by CLIFF AND NANCY HILL It’s been 40 years since Steve Martin made his first appearance in Grand Rapids as a stand-up comic. Sunday evening, at the fastest ever sold-out performance of the Meijer Gardens Summer Concert Series, Martin returned to perform live before his adoring fans. This time around he appeared as a masterful banjo player performing with the Steep Canyon Rangers in an evening of “Bluegrass and Banjo.” Martin’s album “The Crow” won him a Grammy award two years ago for Best Bluegrass Album along with banjo player of the year. This past March, the Steep Canyon Rangers, in a first ever collaboration with Steve Martin, released “Rare Bird Alert,” which debuted at number one on Billboard’s Bluegrass Chart. Sunday evening’s performance rewarded the wildly appreciative crowd with smooth vocals, smart songwriting, and ferocious instrumentals with jaw-dropping harmony during the hour and 45-minute concert. Between each song Martin, ever the comic, had the audience doubled over in laughter with his edgy comedic repartee. We don’t think we’ve ever seen a bluegrass performance where the all the musicians were attired in suits. Martin was resplendent, as he fronted the band in shocking blue. You had to be there to appreciate what was probably, in our humble opinion, one of the finest evenings of music in the history of the Meijer Gardens & Sculpture Park Outdoor Summer Concert Series.
June 30 2011
Lawmaker proud to support another commonsense reform in Lansing State Rep. Peter MacGregor recently voted in favor of House Bill 4087, ending retiree healthcare benefits for lawmakers. Currently, Michigan lawmakers who serve at least six years are eligible for health insurance funded by taxpayers beginning at age 55. The change would affect all legislators who took office as of Jan. 1, 2007, along with all future lawmakers. “Health care benefits end upon leaving most jobs, and serving in the legislature should be no different,” said MacGregor, R-Rockford. “Most workers have taken significant reductions in benefits, and I’m proud that we’re leading by example and ending a benefit our state cannot afford.” HB 4087 now goes to the senate for consideration.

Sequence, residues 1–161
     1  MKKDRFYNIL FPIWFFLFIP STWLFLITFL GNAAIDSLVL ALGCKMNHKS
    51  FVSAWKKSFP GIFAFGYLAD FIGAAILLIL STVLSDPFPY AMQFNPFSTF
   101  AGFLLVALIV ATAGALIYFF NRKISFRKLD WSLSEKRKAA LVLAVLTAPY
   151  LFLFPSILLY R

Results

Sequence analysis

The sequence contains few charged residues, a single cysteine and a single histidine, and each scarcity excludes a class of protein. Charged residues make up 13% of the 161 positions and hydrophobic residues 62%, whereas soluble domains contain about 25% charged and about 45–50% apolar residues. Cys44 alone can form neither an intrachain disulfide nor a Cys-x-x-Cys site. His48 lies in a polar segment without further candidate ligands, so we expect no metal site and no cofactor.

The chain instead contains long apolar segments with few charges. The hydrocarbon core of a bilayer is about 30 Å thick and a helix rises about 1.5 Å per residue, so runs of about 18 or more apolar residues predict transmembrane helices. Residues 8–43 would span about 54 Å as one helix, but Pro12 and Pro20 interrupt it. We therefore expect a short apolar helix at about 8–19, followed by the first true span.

Dealing with the federal deficit I listened to a very interesting presentation last week about the history of federal tax rates from the beginning of our income tax system, 1913, through 2011. The tax rates were a maximum of 6% in 1913. They stayed at that rate until the World War I had to be paid for, when they rose to a maximum of 73%. The rates went up and down incrementally until World War II had to be paid for, when they went all the way up to a maximum of 94%. After World War II, we fought the Korean War and the Vietnam War, so those maximum rates stayed high. The politicians in charge at the time had no trouble increasing the rates to pay for wars. They did not want a deficit to continue. They wanted it gone. The rates did go down to 70% under Presidents Nixon and Carter. Then along came Ronald Reagan. He cut the rates to a maximum of 28%. We have lived with his basic system since that day. It has been a wonderful system—complicated, but wonderful. The maximum rate has now climbed up to 35%, but that is nothing compared to 94%. Apparently, there was no tea party when the rates were increased to 94%. Or perhaps the politicians back then understood that the deficit had to be paid for and couldn’t just increase infinitely without repercussions. Since the beginning of our country, the federal government from time to time has run deficits and accumulated debt, but that debt has been paid off as soon as practically possible. Now our federal deficit is over 14 trillion dollars. It won’t be paid off any time soon, perhaps never. How has it gotten so large? There are a number of reasons. First, we fought the Persian War and numerous small wars, such as the one in Serbia. Second, we continue to fight the wars in Iraq and Afghanistan and numerous small wars, such as the one in Libya. Third, various federal stimulus programs have occurred in the last few years. Fourth, upwards of 20% of our total revenue is now spent on Social Security benefits. The politicians of generations prior to 1940 did not have to deal with […]